The cargo port was built to provide all necessary supplements for the construction of new power units (5th and 6th reactors) and a modern city of nuclear power engineers. But because of the tragedy it could not fulfill its mission, as well as an amusement park.

Now these metal giants are abandoned and forgotten, and the floating crane slowly disappears under the water and soon only piles of scrap will remind of their existence.

TOP-8 Historical Objects to Visit in Kyiv

TOP-8 Historical Objects to Visit in Kyiv

Kyiv, the capital of Ukraine and one of the oldest and most beautiful cities of the country, offers a variety of interesting and exciting places to see and to visit.

1. Golden Gates

Golden Gates (Zoloti vorota) is another symbol of Kyiv a one of the most important architectural and historical monuments remaining from the Kyivan Rus’ period. The gate, built in 1164 protected the old town and served as the main entrance to Kyiv. You can visit the museum exposition and part of the ancient wall inside and have a look at the city center from its top.

2. Kyiv-Pechersk Lavra

Kyiv-Pechersk Lavra church complex, an UNESCO World Heritage Site, since the foundation in 11th century has been one of the most important places for the Orthodox Christians. You should also visit the caves located within the complex. The Near Caves and the Far Caves exhibit numerous archaeological artifacts.

3. Sophia Kyivska National Reserve

St. Sophia Cathedral, is listed as a UNESCO World Heritage Site. It features the largest collection of 11th century frescoes and mosaics.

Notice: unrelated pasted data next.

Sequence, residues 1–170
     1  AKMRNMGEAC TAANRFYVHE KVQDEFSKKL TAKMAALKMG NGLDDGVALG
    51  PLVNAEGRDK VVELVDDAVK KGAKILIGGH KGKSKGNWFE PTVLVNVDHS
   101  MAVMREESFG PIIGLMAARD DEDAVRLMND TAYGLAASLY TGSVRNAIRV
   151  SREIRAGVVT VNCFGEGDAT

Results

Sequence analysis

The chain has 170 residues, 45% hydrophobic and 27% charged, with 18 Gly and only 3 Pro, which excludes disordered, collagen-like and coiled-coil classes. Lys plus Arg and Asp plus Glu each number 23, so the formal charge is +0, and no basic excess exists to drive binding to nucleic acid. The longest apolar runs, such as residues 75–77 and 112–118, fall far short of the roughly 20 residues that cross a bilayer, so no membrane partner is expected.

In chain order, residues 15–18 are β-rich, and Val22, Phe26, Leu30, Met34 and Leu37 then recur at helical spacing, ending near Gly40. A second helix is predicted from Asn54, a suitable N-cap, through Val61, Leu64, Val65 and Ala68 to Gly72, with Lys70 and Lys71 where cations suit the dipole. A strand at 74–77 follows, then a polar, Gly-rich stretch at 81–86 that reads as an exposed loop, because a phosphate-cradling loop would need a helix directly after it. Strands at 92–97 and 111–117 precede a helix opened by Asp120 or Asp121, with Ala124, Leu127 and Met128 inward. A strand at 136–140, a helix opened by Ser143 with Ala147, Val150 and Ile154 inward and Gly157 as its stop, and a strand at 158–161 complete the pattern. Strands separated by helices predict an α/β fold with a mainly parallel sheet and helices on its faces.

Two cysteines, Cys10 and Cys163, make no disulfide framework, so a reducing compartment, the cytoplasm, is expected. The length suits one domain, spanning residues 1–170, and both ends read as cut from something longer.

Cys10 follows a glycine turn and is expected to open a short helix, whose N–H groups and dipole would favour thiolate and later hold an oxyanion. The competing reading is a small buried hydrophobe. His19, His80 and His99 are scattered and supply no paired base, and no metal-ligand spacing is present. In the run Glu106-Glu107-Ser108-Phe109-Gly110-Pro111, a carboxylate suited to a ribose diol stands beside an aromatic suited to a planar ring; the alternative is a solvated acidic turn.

4. Andriyivsky Uzviz

According to the legend Andriyivsky Uzviz is the exact place where Apostle Andrew predicted the foundation of great Slavic city of Kyiv, overlooking the beautiful lands lying around the hill he was standing on.

Andriyivsky Uzviz is one of the oldest streets in Kyiv and the most creative one – for sure, known as Kyiv’s Monmartre. It seems to be a residence for artists and souvenir sellers. Moreover, it is a very mystical place surrounded by myths and legends.

The highlight of the Uzviz is the stunning gold and blue St. Andrew’s Church shining at the top street.

5. House with Chimaeras

The House with Chimaeras was buildt Vladislav Gorodetsky, the famous Ukrainian architect. The house with Chimaeras is located across the street from President Administration on Bankova Street. This building will catch your eye with its extraordinary figures of exotic animals and hunting scenes.

In the beginning of XX century Gorodetsky wanted to demonstrate possibilities of concrete and decorated the house with numerous of figures.